When you hear the words “apple pie”, naturally the first thing that comes to your mind is your grandmother, auntie, and also the great United States. I say the United States because this sweet pie stars in so many movies, stands outside windows to chill while various people or animals sniff it, grandmas pedal them gaining themselves the ‘saint’ title and we all drool! In many bakeries or diners, you can ask for it sugar free! How is it made? Natural apple juice, natural sugars. In fact my American apple pie memories are connected to when I was waiting tables on my student days; once I served it to a regular customer with melted American cheese on it, and to my double shock, everybody knew how he wanted it. Never wondered what it tastes like. Never.
But now let me tell you a nice little story
of a great apple pie that is not standing outside the window and I am not sure
whether Saint Grandmother is baking it. In fact I highly doubt it. This melting
delight is served in a very hot spot in the popular northern European city of
went to Netherlands some years back and we had just a few days to explore,
shop, get cultured, get food, queue up at Anne Frank’s house, try some great
beer. One of those days, when it was very sunny and life seemed on the whole
very pleasant, my local friend comes up with a what seemed at the time a
bizarre idea: “Let’s go have apple pie!”
“But … But a nice chunky brownie sounds
“Oh no, trust me you will thank me after
this and plus I can’t wait to have guests so I have an excuse to stand in
“There’s a line…?”
“No but it’s ok sometimes you get it in 20
Since I was a guest with no expectations,
but instead just letting myself be thrown into various experiences, I just
relaxed and enjoyed the sweet and not so feeble November sun of Amsterdam.
Bikes rushing, pigeons parading, tourists stopping for what I reckoned no
reason at all and pointing at stuff.
We arrive at Winkel; a typical Amsterdam
canal building with a very distinguished pointed end, probably dating back to
the 17th century. There are tables in the sun and green sunshades
mark the place, stuff you randomly see in Europe in tight sidewalks where
people like to enjoy their break so close to each other. There was absolutely
no place to sit and absolutely no enthusiasm that new customers arrived. Our
friend tells us to wait outside while he goes in to queue up. Out of curiosity
I decided that the menu would be a better sight than people eating, who made me
more hungry, so I go inside to be greeted by this interior that has not been
renovated thoroughly for ages, a long counter and a small window where you see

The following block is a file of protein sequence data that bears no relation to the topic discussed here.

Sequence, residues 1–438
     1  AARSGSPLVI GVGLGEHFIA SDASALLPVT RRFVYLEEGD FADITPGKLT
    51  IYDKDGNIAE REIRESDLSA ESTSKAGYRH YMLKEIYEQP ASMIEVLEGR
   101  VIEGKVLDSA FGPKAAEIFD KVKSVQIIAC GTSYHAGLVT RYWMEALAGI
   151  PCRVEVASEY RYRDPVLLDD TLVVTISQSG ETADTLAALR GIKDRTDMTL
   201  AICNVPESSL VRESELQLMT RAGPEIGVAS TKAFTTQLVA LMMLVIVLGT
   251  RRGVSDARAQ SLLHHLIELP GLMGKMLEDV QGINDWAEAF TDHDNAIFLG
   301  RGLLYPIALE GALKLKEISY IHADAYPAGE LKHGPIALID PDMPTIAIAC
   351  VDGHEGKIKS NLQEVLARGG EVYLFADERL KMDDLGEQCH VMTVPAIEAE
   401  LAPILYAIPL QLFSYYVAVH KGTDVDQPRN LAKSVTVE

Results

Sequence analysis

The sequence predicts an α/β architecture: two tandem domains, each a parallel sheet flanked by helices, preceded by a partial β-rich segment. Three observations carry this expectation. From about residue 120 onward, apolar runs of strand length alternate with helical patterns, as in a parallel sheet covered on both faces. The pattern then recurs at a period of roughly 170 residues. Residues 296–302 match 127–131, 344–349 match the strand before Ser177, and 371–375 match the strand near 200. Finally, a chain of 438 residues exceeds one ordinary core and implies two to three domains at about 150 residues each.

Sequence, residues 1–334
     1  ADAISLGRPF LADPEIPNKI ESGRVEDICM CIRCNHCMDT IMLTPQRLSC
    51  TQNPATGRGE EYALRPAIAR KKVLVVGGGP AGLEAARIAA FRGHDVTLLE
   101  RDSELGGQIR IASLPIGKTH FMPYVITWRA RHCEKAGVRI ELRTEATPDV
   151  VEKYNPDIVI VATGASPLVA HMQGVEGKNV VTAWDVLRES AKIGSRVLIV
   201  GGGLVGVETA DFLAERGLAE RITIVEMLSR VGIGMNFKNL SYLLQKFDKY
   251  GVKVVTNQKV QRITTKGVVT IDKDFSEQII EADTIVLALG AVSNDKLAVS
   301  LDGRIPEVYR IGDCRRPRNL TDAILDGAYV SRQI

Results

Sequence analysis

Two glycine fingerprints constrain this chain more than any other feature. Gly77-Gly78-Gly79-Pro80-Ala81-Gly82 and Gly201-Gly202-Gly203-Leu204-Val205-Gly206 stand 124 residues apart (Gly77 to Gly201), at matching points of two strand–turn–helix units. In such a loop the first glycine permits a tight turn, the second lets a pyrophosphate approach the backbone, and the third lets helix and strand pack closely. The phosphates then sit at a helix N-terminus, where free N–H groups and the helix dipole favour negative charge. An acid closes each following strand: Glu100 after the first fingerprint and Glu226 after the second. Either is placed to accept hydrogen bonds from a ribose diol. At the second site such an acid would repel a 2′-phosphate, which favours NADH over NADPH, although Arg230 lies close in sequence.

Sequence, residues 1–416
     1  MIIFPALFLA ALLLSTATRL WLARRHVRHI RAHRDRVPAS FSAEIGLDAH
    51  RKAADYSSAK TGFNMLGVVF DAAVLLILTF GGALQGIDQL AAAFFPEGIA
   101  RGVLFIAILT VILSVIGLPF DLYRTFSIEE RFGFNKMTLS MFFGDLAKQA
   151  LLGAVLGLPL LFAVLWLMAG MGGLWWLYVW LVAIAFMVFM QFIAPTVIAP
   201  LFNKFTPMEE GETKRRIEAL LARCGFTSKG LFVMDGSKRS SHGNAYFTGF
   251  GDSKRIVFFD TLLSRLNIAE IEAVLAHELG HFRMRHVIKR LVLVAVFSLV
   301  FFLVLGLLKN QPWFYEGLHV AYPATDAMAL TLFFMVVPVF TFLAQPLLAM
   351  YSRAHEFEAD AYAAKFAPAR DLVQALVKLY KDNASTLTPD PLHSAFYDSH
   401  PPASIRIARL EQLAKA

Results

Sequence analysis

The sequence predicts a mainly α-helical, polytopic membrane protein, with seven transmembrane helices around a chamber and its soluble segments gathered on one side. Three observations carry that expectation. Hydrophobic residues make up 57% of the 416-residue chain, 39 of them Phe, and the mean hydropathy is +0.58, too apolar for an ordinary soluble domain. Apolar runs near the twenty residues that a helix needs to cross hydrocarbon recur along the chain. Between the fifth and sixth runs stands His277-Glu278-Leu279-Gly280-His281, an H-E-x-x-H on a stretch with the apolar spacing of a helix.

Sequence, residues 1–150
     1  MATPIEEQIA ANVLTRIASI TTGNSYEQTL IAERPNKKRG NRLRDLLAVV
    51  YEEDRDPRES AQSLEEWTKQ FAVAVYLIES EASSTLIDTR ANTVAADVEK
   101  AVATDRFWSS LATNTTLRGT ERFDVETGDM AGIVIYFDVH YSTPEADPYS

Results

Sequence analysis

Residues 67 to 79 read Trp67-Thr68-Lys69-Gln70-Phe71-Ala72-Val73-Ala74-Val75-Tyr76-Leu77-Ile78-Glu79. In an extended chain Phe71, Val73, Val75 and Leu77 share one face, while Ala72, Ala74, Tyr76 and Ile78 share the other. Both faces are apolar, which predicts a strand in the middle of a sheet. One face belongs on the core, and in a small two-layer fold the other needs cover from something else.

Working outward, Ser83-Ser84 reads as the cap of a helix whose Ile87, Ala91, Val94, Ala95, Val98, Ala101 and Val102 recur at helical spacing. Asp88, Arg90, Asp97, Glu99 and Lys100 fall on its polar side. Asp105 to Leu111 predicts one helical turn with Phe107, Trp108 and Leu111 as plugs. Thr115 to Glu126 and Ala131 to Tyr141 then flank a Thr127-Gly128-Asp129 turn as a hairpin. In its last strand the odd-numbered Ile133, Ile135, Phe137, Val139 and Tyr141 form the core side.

the kitchen and cooks. Some people are eating and drinking while standing and
my friend tells me there is not much to look at; just apple pie and coffee or
mint tea. After I stare at this man who came out of the kitchen completely
nonchalant, I think that he must be doing something great worth this attitude
and as soon as I take off, a table leaves and we rapidly sit on it.
A couple of cigarettes later (it must have
been some time, but who cares! There’s plenty to look at: people!) 5 apple
pies, 2 coffees and 3 mint teas arrive.
Hello there, apple pie! This warm crust
with the aroma of heavens just dwells me into itself and suddenly no one was
speaking. The pie is so fresh I could have sworn it just left the oven. The
crust is crumbly and it melts in the tongue together with the filling. And the
whipped cream? I have to admit I quit that bad habit in my teen days when I
just sneaked in the fridge at night and filled my mouth with whipped cream
until I could not close it back. But this home made whipped cream made me
reconsider the whole philosophy of this gastronomic foam. Delicious,
unrepeatable, take-me-to-the-rainbow-city whipped cream.
I was hungry and this generous slice took
care of my lunch. Gentlemen, at least your brunch.
I could go on and on and tell you the
places in my head this apple pie took me. All I can say is that once you put a
spoon in your mouth, the street noise does not matter, nor does the fact that
the place is so packed and the design is not impressive. You can easily call it
a meal and pay around five euros, drink included.
Although the apple pie occupies most of my
memories, I was very impressed with the mint tea too that sometimes I think I
dreamt it, since it is not customary elsewhere in Europe. You receive a glass
with hot water and leaves of mint, and it is one of the most organic drinks
ever, or at least it feels so, due to the transparency and the live plant.
is situated in a very touristic spot in Noordermarkt and a short walk away from
Anne Frank’s house. After the pie you can wander around and get lost in the open
markets or in between canals.